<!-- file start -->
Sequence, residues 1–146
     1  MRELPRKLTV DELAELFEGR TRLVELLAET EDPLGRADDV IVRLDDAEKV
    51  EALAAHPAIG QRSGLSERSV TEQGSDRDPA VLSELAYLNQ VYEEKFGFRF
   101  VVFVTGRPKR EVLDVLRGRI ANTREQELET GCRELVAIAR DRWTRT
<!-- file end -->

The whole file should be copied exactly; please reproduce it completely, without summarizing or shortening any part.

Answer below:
Sequence, residues 1–146
     1  MRELPRKLTV DELAELFEGR TRLVELLAET EDPLGRADDV IVRLDDAEKV
    51  EALAAHPAIG QRSGLSERSV TEQGSDRDPA VLSELAYLNQ VYEEKFGFRF
   101  VVFVTGRPKR EVLDVLRGRI ANTREQELET GCRELVAIAR DRWTRT